Meander (art)

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For other uses, see Meander (disambiguation).
Meander pavement in the streets of Rhodes

A meander or meandros[1] (Greek: Μαίανδρος) is a decorative border constructed from a continuous line, shaped into a repeated motif. Such a design is also called the Greek fret or Greek key design, although these are modern designations. On the one hand, the name "meander" recalls the twisting and turning path of the Maeander River in Asia Minor, and on the other hand, as Karl Kerenyi pointed out, "the meander is the figure of a labyrinth in linear form".[2] Among some Italians, these patterns are known as Greek Lines.

Meander infill inscribed on a Shang Dynasty bronze you

Meanders are common decorative elements in Greek and Roman art. In ancient Greece they appear in many architectural friezes, and in bands on the pottery of ancient Greece from the Geometric Period onwards. The design is common to the present-day in classicizing architecture. The meander is a fundamental design motif in regions far from a Hellenic orbit: labyrinthine meanders ("thunder" pattern[3]) appear in bands and as infill on Shang bronzes, and many traditional buildings in and around China still bear geometric designs almost identical to meanders. The pattern also appears on the quintessential New York City paper coffee cup, the Anthora. They were among the most important symbols in ancient Greece; they, perhaps, symbolized infinity and unity; many ancient Greek temples incorporated the sign of the meander. Greek vases, especially during their Geometric Period, were likely the genesis for the widespread use of meanders; alternatively, very ocean-like patterns of waves also appeared in the same format as meanders, which can also be thought of as the guilloche pattern. The shield of Philip II of Macedon, conserved in the museum of Vergina, is decorated with multiple symbols of the meander. Meanders are also prevalent on the pavement mosaics found in Roman villas throughout the Roman empire. A good example is the Chedworth Roman Villa in England.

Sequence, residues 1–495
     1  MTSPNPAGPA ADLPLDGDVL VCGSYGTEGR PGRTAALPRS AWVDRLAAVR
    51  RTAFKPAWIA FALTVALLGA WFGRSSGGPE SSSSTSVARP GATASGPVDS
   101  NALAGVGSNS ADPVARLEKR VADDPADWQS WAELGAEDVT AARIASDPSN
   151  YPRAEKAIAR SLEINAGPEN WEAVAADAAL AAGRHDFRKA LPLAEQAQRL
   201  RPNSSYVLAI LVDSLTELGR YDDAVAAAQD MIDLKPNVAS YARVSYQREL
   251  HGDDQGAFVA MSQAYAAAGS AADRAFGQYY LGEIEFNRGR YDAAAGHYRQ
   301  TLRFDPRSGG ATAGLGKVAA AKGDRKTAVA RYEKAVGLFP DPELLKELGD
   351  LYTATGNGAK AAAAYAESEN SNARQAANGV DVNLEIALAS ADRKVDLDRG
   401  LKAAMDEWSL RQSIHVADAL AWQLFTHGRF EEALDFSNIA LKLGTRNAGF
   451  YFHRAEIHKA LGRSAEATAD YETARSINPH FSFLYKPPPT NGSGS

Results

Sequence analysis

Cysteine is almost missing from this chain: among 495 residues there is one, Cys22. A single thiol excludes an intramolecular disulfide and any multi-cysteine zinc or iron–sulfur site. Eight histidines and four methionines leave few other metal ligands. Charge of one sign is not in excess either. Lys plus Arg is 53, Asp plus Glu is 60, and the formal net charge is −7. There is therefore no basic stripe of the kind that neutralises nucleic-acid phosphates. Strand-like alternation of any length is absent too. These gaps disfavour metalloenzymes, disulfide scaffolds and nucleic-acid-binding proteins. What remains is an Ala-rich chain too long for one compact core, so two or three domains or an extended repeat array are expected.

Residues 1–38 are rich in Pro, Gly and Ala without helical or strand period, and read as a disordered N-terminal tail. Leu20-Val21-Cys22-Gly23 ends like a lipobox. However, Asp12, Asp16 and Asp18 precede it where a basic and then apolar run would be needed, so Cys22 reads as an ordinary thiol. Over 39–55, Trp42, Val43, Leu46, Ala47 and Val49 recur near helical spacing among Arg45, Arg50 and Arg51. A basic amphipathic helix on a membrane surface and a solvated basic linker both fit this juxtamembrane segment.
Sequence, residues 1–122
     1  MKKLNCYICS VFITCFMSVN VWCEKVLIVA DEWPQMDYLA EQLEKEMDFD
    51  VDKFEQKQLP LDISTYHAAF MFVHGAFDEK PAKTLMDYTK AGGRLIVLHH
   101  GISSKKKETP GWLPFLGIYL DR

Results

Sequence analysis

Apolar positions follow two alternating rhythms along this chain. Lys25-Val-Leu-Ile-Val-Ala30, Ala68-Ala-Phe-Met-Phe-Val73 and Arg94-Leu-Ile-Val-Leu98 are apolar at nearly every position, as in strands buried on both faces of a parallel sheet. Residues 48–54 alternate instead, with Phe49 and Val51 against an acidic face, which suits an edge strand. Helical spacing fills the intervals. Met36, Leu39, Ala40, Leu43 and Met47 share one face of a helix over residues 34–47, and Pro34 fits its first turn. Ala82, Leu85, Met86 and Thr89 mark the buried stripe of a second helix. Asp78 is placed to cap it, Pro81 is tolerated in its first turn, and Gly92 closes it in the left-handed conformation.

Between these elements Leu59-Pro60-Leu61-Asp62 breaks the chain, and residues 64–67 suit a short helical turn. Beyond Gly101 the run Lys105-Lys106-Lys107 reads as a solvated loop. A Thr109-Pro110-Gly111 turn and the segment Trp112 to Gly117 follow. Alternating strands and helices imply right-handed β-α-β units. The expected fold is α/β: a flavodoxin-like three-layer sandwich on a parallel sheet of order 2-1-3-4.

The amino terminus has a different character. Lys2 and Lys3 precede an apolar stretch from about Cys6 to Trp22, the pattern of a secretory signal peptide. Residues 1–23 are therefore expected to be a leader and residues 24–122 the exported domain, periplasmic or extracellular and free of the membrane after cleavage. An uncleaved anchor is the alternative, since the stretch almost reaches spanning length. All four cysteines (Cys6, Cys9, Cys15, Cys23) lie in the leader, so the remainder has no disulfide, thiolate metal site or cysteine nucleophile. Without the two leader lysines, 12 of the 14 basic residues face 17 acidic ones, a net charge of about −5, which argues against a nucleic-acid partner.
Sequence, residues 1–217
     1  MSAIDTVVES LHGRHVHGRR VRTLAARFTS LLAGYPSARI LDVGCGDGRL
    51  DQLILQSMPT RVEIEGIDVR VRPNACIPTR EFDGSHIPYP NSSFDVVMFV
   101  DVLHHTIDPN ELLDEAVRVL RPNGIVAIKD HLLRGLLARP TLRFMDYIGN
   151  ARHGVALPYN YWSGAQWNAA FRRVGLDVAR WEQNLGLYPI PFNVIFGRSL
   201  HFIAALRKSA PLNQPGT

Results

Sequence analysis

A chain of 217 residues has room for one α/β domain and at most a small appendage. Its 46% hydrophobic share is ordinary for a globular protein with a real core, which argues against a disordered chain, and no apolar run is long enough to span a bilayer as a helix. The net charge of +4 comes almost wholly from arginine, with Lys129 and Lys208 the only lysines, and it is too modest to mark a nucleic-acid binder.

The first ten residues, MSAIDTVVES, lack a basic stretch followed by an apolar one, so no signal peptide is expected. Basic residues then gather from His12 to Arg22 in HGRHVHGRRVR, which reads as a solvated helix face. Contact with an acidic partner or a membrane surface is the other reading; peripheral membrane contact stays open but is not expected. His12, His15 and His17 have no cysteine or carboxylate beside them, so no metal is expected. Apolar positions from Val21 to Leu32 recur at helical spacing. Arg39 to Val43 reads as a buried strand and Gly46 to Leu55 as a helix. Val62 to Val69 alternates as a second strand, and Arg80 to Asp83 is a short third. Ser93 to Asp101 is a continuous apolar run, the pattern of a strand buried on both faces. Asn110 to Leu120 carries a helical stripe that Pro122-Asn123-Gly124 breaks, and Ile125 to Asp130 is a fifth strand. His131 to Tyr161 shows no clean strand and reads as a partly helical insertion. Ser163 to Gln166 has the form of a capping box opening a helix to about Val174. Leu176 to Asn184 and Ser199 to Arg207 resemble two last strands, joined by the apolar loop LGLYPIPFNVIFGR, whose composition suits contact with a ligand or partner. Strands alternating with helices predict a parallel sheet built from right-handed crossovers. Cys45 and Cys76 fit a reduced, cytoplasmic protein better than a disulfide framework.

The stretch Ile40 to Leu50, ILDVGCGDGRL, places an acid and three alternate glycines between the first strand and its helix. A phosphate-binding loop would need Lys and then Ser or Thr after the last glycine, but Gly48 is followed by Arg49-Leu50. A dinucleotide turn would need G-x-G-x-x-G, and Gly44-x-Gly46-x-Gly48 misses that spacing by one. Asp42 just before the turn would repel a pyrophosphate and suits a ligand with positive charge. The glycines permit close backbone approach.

Meanders and their generalizations are used with increasing frequency in various domains of contemporary art. The painter Yang Liu, for example, has incorporated smooth versions of the traditional Greek Key (also called Sona drawing, Sand drawing, and Kolam) in many of her paintings.[4][5][6]

It is also adopted as the main symbol of the Greek far-right party Golden Dawn.



Notes[edit]

  1. ^ The Greek term maíandros and its Latinized variant meandros are not very common outside of archaeological contexts.
  2. ^ Kerenyi, Dionysos: archetypal image of indestructible life (Princeton University Press) 1976:89.
  3. ^ See J. E. L., description of a Late Chou hou at the Boston Museum of Fine Arts, in "A Chinese Bronze", Bulletin of the Museum of Fine Arts 27 (August 1929:48).
  4. ^ Yang Liu, "Visual art as research: Explorations with sona drawings," Leonardo, April 2010, Vol. 43, No. 2, pp. 129-131.
  5. ^ Yang Liu, "Cross-culturalism in painting: visualization via meanders," Journal of Visual Arts Practice, Vol. 8, No. 3, 2009, pp. 205-214.
  6. ^ Yang Liu, “From sona drawings to contemporary art,” HYPERSEEING, Summer 2009, pp. 37-41. Published by ISAMA, The International Society for the Arts, Mathematics, and Architecture.

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